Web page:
MANCHESTER, NH –The one-day pop-culture convention at Manchester Memorial High School will provide a venue for cosplayers, geeky swag vendors and gamers again on Saturday March 23 from 10 a.m. to 7 p.m. Organizers say it will be the same convention attendees have grown used to over the past eight or nine years, but they also said to expect some big expansions next year.
The event is organized by Memorial teachers Jason Paige (social studies) and Jeff Normandin (English), who are also co-owners of Neon Bomb, a store in Manchester that sells graphic novels, manga, retro video games, card games and general nerd merch.
“The entire gym there ends up being filled with vendors,” Paige said. “We take over like half the school.”
Paige said classrooms are used for panel discussions with quirky topics like “The Joy of Gaming with Bob Ross” or “Frame by Frame Analysis of Donkey Kong and the Legend of the Crystal Coconut.”
One of the main draws of the convention is cosplay, where fans dress up as their favorite superhero, anime character or video game avatar, often with costumes of their own making. As such, one of the main events is a cosplay contest held in the auditorium.
“The costume stuff is definitely a huge deal and more people are getting into the costume stuff,” Paige said.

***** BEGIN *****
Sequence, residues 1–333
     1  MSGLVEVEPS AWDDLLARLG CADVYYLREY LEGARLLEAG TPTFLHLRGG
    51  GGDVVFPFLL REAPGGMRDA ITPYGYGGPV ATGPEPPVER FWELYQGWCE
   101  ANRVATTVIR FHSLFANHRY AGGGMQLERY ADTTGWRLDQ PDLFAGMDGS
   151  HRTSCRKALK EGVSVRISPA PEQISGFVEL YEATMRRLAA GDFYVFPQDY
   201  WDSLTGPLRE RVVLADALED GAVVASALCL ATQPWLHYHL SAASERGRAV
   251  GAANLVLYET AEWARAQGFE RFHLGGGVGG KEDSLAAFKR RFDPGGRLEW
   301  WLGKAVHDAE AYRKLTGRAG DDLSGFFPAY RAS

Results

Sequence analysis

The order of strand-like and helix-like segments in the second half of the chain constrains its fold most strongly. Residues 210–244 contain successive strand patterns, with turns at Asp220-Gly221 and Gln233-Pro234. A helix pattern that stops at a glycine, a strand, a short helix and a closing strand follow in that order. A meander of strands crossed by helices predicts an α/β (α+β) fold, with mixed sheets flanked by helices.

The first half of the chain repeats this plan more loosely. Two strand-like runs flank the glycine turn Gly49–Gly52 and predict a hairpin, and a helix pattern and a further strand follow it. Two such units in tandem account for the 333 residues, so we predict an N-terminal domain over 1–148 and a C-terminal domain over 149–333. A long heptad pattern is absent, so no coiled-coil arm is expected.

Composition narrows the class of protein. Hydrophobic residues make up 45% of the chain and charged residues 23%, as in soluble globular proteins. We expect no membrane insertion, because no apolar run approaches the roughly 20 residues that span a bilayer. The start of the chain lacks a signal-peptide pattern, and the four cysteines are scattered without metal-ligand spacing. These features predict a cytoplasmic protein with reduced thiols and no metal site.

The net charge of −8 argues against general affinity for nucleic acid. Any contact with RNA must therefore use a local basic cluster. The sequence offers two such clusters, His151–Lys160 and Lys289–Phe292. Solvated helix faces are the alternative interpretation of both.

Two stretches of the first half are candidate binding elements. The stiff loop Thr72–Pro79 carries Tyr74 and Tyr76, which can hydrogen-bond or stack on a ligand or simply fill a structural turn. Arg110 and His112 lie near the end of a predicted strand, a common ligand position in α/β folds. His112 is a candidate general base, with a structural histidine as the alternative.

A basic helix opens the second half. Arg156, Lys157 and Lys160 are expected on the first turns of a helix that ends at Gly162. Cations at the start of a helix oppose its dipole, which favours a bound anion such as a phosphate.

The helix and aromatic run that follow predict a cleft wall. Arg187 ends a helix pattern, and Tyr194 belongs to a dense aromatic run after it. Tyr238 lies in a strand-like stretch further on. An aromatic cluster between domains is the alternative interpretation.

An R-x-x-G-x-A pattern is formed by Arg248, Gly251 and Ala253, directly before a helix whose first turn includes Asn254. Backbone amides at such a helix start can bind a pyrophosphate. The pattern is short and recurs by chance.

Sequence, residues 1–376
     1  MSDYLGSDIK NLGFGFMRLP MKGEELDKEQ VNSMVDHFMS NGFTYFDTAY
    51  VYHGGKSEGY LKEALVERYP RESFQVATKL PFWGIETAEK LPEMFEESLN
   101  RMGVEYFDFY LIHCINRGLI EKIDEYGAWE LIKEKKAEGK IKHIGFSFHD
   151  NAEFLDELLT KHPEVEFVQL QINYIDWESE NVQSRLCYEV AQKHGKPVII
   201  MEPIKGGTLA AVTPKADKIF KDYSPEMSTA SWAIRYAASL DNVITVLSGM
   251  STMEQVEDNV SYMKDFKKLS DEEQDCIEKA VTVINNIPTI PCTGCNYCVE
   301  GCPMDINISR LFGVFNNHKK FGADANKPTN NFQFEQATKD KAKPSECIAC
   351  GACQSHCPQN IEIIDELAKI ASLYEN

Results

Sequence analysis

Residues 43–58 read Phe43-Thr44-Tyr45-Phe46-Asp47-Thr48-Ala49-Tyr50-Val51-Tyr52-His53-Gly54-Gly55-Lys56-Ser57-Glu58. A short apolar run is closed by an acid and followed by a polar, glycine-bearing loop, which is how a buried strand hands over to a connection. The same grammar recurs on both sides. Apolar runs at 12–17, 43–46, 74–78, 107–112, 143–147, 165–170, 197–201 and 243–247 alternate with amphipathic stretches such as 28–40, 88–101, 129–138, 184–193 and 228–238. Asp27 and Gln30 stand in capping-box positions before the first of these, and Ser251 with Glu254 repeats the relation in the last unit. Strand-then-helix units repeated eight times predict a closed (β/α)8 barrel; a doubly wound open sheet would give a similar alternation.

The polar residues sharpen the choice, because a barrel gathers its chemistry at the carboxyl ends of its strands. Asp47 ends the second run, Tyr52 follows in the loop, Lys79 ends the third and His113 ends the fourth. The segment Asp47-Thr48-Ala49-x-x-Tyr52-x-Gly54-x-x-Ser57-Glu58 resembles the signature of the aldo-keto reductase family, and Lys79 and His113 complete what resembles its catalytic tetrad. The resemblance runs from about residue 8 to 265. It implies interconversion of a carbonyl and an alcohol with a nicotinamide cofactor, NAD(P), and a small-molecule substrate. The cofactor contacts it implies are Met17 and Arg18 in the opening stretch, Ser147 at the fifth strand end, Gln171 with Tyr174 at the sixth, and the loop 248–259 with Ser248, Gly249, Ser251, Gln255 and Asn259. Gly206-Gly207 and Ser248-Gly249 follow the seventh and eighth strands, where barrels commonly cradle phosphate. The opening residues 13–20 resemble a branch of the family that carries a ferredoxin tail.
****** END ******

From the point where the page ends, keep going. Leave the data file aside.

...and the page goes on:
There’s also Magic The Gathering card game tournaments in the the cafeteria, and comic vendors in the gym from Double Midnight, Neon Bomb and some out-of-state stores. Other vendors sell Etsy-type craft items for the discerning geek, such as crocheted Pokemon or She-Ra magnets, Paige said.
Paige said Queen City Kamikaze is a “good entry level convention” with about 800 to 1,000 attendees and relatively inexpensive tickets ($10) compared to some of the bigger conventions cut from the same cloth, such as Anime Boston in late April which attracts tens of thousands of attendees and tickets range from $25 to $80.
Over the years, the organizers have experimented with various features, Paige said, like anime movies and live bands. But features like cosplay contests have had more staying power.
“Now, it’s just kind of coalesced into what it is now,” Paige said.
Next year, they will grow in size and occupy more of the school, he said.
“The goal is to double the amount of vendors,” Paige said.
This year, they had to turn away a lot of vendors because they didn’t have room for them.
Over the years, Paige has seen the event become more mainstream, especially as younger parents increasingly take part.
“It’s definitely opened up a lot more,” Paige said. “Everyone who shows up is just as weird but it’s no longer as weird of a thing to go to.”